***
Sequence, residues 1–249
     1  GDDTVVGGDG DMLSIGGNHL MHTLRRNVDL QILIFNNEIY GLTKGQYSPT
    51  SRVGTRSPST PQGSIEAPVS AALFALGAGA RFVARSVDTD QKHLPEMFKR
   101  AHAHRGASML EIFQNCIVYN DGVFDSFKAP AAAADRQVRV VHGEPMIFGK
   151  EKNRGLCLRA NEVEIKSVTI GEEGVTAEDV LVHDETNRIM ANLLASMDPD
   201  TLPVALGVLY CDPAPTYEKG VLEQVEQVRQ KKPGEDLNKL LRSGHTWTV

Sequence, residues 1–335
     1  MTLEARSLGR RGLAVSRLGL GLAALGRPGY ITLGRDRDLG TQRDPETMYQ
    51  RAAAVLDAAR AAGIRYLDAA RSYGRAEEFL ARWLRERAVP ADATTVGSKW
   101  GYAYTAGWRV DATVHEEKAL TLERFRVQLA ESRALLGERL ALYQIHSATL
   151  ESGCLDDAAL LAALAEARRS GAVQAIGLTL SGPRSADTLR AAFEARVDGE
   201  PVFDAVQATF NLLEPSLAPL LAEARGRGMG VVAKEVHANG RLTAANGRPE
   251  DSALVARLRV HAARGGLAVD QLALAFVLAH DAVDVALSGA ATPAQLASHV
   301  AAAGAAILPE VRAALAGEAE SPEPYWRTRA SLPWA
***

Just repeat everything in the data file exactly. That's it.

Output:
Sequence, residues 1–249
     1  GDDTVVGGDG DMLSIGGNHL MHTLRRNVDL QILIFNNEIY GLTKGQYSPT
    51  SRVGTRSPST PQGSIEAPVS AALFALGAGA RFVARSVDTD QKHLPEMFKR
   101  AHAHRGASML EIFQNCIVYN DGVFDSFKAP AAAADRQVRV VHGEPMIFGK
   151  EKNRGLCLRA NEVEIKSVTI GEEGVTAEDV LVHDETNRIM ANLLASMDPD
   201  TLPVALGVLY CDPAPTYEKG VLEQVEQVRQ KKPGEDLNKL LRSGHTWTV

Sequence, residues 1–335
     1  MTLEARSLGR RGLAVSRLGL GLAALGRPGY ITLGRDRDLG TQRDPETMYQ
    51  RAAAVLDAAR AAGIRYLDAA RSYGRAEEFL ARWLRERAVP ADATTVGSKW
   101  GYAYTAGWRV DATVHEEKAL TLERFRVQLA ESRALLGERL ALYQIHSATL
   151  ESGCLDDAAL LAALAEARRS GAVQAIGLTL SGPRSADTLR AAFEARVDGE
   201  PVFDAVQATF NLLEPSLAPL LAEARGRGMG VVAKEVHANG RLTAANGRPE
   251  DSALVARLRV HAARGGLAVD QLALAFVLAH DAVDVALSGA ATPAQLASHV
   301  AAAGAAILPE VRAALAGEAE SPEPYWRTRA SLPWA